As with all disciplines in the humanities, the classics have responded to Black Lives Matter with justifiable soul-searching. As a study of the ancient world, and particularly that of Mediterranean cultures, the classics have an important colonial heritage: British, French and Italian colonialists saw themselves inheriting or continuing a “civilizing mission” which they associated with the Romans. They assumed that the Romans shared their prejudices, especially those associated with elitism and racism. When they thought or represented Roman imperial history, they imagined it as dominated by white men, who were the political leaders and were responsible for cultural achievements.
It is a legacy that has proven tenacious. Although there is no evidence to suggest that Roman rulers, cultural and political, were uniformly white, the classics and ancient history have been associated with whiteness. Many of my students have worried about a lack of representation that works on many levels in the classics. There are few speakers of color – this is changing, albeit far too slowly. But there is also alienation from what is studied: the Romans are not seen by these students “as people like them”.
The Roman world is seen as white and in which people of color had no place or were on the margins of society. However, one of the central elements of my teaching is to emphasize the cultural diversities of the ancient Mediterranean peoples and their social distance from contemporary societies and values.
There is a discrepancy here between the probable racial composition of the Roman population and how it has been understood. This gap, I suggest, stems from a systematic erasure of Black Romans from Roman history. This erasure is akin to the “whitening” of histories and cultures, in which the presence and contribution of blacks are ignored.
Thinking about race in Antiquity
Racism is understood as the use of various minor bodily differences, including skin color, to create categories of people. These categories are then associated with identities, which reinforce this categorization. Such categorization is a peculiar and perverse modern idea.
The Greeks and Romans didn’t think that way. They were aware of the differences. But for the Romans, white or black were not significant social categories. Therefore, our sources almost never mention skin pigmentation, as it was not important to them. It is normally impossible for us to associate ancient individuals with these modern racial categories. But this lack of evidence has led to the assumption that the most prominent Romans were, in our terms, whites.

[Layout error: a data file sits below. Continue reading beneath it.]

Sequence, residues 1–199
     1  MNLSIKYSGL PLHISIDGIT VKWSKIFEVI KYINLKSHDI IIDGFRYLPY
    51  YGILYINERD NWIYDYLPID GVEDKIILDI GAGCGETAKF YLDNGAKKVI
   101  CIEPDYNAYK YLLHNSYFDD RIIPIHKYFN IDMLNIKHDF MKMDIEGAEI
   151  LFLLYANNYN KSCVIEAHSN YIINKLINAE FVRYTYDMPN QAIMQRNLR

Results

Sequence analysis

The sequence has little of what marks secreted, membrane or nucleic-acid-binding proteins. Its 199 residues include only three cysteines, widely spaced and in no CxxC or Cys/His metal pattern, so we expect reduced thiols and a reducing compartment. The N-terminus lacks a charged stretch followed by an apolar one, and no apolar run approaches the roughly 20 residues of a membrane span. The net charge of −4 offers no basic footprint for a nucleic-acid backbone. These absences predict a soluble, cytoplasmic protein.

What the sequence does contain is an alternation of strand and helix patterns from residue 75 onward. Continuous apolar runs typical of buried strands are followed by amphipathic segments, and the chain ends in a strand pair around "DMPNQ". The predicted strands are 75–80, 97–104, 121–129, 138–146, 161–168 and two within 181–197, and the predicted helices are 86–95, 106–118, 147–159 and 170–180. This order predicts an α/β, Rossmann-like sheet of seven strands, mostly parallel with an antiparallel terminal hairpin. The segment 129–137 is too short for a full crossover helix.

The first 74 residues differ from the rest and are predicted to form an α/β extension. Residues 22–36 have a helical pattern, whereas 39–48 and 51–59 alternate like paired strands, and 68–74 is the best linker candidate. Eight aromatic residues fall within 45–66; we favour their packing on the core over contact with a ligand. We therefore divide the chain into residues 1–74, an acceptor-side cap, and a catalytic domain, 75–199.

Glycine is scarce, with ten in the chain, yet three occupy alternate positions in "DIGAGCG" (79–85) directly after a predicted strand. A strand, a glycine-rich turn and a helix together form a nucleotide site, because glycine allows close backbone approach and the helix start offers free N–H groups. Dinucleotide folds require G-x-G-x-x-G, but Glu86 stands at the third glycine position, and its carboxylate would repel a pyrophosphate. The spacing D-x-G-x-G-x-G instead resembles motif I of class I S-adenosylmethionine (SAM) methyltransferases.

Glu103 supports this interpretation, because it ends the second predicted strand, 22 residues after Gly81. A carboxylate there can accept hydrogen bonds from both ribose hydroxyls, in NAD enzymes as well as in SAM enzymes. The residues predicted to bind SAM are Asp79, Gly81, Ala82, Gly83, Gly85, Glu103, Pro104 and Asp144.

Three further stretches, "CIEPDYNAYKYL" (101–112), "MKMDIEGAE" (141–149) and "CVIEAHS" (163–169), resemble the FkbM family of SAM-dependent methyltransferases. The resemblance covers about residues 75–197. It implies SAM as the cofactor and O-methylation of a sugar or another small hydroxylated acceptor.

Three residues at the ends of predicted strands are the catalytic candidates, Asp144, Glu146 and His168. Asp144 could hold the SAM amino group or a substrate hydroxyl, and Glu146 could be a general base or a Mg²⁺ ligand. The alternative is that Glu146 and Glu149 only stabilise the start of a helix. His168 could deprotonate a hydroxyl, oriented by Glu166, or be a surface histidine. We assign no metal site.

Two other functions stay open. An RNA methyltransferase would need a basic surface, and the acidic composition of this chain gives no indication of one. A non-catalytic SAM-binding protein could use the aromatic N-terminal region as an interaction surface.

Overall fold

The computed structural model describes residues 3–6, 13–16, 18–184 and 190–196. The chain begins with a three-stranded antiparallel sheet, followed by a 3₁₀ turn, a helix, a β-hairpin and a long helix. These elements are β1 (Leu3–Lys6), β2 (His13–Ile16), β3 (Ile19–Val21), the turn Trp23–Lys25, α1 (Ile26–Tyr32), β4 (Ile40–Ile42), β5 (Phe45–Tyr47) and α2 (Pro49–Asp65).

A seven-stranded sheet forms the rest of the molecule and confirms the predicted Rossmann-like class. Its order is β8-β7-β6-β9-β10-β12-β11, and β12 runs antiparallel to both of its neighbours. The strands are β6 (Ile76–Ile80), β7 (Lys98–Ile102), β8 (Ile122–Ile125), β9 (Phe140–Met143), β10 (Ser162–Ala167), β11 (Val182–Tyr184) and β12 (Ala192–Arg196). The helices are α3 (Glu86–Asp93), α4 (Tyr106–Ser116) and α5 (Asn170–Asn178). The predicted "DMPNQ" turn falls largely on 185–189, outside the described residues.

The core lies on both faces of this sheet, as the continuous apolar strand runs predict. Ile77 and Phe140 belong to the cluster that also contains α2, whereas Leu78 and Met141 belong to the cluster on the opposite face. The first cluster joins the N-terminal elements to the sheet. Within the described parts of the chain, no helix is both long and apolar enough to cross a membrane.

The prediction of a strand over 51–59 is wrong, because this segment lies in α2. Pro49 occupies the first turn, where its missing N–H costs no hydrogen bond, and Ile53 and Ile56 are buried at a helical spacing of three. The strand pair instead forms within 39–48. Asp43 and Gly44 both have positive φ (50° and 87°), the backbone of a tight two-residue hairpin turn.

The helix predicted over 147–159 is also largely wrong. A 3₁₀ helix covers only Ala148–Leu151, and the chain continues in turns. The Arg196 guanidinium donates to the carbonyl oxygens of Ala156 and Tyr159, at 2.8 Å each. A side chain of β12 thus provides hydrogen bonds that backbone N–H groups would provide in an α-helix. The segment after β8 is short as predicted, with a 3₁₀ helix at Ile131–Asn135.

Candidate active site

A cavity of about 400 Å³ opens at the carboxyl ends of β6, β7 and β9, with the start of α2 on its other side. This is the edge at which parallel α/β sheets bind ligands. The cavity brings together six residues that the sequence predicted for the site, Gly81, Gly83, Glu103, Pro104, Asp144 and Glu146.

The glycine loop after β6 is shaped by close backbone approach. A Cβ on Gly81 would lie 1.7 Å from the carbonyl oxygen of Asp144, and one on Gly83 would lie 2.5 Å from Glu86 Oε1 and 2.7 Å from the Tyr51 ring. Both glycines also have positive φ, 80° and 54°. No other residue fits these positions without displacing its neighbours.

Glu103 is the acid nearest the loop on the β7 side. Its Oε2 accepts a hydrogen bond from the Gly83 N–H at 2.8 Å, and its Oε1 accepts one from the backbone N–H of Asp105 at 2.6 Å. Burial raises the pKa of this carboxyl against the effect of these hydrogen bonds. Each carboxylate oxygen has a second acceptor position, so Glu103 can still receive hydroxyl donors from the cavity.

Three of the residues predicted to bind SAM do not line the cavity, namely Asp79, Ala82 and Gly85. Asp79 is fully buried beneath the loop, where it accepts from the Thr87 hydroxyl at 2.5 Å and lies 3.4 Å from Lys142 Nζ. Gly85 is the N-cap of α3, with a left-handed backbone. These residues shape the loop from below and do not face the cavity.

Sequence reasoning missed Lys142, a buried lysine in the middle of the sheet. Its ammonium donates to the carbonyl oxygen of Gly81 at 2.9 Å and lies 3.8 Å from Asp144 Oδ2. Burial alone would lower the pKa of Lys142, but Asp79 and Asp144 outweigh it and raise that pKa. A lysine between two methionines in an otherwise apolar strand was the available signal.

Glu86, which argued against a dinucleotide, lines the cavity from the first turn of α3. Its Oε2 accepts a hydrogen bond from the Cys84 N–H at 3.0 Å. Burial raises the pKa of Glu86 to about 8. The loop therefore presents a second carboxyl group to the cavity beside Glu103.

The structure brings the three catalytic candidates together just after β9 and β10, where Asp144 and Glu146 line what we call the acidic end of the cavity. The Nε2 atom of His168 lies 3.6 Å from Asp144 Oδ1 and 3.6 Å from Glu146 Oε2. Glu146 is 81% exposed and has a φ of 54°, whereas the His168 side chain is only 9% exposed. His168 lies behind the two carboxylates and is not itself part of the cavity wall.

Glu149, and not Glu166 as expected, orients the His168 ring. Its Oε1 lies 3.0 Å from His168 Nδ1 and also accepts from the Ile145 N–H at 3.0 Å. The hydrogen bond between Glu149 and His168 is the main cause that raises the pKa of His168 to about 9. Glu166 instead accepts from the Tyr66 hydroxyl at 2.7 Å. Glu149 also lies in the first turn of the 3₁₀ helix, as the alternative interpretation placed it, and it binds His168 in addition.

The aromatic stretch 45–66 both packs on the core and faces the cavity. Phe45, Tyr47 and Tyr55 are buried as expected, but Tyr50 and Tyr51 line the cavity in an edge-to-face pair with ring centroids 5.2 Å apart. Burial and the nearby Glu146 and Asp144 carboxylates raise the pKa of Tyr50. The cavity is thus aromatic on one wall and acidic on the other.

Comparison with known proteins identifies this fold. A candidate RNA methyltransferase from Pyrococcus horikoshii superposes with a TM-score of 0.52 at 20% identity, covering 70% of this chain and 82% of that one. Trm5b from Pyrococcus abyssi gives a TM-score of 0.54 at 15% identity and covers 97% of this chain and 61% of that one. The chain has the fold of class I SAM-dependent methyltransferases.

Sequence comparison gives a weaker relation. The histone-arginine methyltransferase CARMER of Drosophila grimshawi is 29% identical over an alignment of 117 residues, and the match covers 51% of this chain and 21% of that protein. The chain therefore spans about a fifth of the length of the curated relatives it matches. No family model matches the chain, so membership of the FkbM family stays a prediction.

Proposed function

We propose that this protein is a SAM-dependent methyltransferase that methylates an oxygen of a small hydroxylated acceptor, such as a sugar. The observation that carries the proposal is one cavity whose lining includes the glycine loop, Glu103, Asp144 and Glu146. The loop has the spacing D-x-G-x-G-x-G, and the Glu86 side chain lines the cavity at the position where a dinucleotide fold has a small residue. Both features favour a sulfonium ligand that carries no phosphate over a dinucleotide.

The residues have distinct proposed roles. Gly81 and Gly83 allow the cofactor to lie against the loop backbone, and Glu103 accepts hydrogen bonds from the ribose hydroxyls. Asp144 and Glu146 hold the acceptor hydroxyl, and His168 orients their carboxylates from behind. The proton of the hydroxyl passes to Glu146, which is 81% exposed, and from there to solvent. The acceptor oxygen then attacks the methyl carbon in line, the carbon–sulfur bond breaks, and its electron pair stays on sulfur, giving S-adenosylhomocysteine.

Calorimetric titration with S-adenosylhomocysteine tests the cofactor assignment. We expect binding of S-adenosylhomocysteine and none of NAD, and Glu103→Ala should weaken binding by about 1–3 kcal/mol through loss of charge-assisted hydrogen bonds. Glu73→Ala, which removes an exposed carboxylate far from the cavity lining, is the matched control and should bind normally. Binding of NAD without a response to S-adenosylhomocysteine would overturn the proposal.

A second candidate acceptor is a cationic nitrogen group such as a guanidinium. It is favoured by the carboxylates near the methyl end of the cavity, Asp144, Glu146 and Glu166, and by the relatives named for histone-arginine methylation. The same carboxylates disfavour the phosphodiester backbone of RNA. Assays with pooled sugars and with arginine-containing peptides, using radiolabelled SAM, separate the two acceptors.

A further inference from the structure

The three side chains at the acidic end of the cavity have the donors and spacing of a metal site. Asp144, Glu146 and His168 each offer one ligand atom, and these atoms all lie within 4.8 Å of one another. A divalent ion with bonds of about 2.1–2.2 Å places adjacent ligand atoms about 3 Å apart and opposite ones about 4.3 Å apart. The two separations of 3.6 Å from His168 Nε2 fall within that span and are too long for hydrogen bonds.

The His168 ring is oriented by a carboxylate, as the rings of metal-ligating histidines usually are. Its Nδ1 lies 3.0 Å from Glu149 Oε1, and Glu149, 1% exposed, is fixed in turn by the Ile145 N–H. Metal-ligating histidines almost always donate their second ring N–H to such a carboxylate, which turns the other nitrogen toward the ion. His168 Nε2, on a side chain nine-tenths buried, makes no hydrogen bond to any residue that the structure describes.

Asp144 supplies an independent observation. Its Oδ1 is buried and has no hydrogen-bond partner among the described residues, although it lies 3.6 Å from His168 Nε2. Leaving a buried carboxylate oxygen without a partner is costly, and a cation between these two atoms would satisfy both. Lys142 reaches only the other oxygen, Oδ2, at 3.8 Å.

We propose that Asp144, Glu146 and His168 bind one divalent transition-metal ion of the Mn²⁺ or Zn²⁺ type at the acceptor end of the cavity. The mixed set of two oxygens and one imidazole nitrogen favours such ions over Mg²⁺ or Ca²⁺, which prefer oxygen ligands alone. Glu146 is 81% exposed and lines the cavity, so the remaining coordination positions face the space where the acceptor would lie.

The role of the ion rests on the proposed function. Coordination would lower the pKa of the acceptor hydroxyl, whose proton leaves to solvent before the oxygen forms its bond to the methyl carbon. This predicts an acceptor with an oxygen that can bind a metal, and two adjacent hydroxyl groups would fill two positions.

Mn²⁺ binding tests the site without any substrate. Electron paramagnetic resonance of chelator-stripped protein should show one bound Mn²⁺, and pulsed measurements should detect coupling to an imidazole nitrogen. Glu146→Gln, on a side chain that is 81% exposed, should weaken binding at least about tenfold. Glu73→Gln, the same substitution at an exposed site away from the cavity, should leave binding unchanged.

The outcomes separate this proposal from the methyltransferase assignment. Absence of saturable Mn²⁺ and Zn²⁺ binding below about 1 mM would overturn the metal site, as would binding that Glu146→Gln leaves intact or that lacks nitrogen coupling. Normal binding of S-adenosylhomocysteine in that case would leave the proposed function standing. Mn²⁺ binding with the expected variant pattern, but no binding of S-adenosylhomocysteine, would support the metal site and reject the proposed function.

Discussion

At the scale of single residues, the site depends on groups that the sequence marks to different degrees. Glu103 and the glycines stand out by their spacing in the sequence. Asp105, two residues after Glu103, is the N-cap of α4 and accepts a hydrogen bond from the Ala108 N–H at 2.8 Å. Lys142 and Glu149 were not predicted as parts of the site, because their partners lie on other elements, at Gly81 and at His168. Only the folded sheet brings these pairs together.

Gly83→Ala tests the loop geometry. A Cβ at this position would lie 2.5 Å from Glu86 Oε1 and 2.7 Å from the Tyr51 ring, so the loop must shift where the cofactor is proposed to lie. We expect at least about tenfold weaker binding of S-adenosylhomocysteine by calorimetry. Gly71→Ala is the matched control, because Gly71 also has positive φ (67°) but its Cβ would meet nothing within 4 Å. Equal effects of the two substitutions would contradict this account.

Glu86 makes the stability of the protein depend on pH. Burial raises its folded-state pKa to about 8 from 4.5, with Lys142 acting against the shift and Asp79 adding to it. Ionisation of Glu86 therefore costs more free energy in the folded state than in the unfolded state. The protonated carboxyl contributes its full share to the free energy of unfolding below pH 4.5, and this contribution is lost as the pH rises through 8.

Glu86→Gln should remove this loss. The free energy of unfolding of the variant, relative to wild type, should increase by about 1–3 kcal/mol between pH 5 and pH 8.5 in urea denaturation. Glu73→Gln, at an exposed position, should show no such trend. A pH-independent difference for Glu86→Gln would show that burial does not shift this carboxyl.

However, there is every reason to believe that many prominent Romans were, in our terms, black.
Septimius Severus was a Roman general who became emperor in 193 CE. He was born in Leptis Magna in modern Libya. Almost all representations of Severus are statues or coins. They show him with short curly hair and an occasionally forked beard. Such depictions do not represent his skin pigmentation.
But exceptionally, we have a painting of Severus, the Severan Tondo in the Altes Museum in Berlin. The Tondo shows Severus, Julia Domna, his wife and their children – the future emperors Caracalla and Geta.
Geta’s face was obscured after his murder by Caracalla. The grizzled Severus is clearly dark-skinned. Painted depictions of emperors circulated widely, partly by the military and partly by the imperial cult, as we can see in this marvelous bust of Severus himself in the Archaeological Museum of Komotini, Greece. No doubt this is what people thought Severus and his family looked like. And yet, Severus’ blackness has always been questioned.
Roman North Africa
Leptis was a place colonized twice, first by the Phoenicians in the 7th century AD. The Roman colony was formed around the veterans of the Legion III Augusta. This legion had served in Africa since its formation in 30 CE.
Although the first generation of soldiers may have been predominantly Italian, like all other legions, III Augusta increasingly drew recruits from local communities. The new Roman colony probably recruited local residents and certainly the pre-Roman elite.
After centuries of interaction, it is almost impossible to imagine that there were visible differences between the citizens of Leptis and the surrounding African inhabitants. We can’t prove Severus’ skin color, but it’s wrong to assume he was light-skinned.
Roman Africa was an economic and cultural powerhouse in the later Roman Empire. Goods from Africa circulated throughout the Roman world. One of the first Roman dramatists, Terence, came from Carthage in Tunisia and his appearance is described by the historian Suetonius as fuscus, “gloomy”.
The 2nd-century CE rhetorician, philosopher, and novelist Apuleius was a native of Madouros, present-day M’Daourouch, Algeria. Saint Augustine of Hippo studied in the same city. He and Cyprian of Carthage were major figures in Christian theology. Egypt was a major center of literary and theological innovation during the late imperial period. Why would we imagine any of these individuals to be white?
Empires move people. Mitochondrial DNA from skeletons of early Roman London showed that Greeks, Syrians and North Africans were among the earliest Londoners. The Africans have reached this most remote corner of the Empire. Many Romans had dark skin. Yet to moderns it seems startling and a claim that requires justification.
The classical world is part of our cultural traditions. Colonialism whitewashed the classics. Such bleaching marginalizes black people. Making the Black Romans visible resists colonial mentalities. It integrates blacks into this cultural tradition.
Black Romans were central to classical culture and not as the exceptional few or as slaves or servants. They were soldiers and merchants, playwrights, poets, philosophers, theologians and emperors. We have to reimagine the Imperial Romans as having quite a startling diversity of skin pigmentation.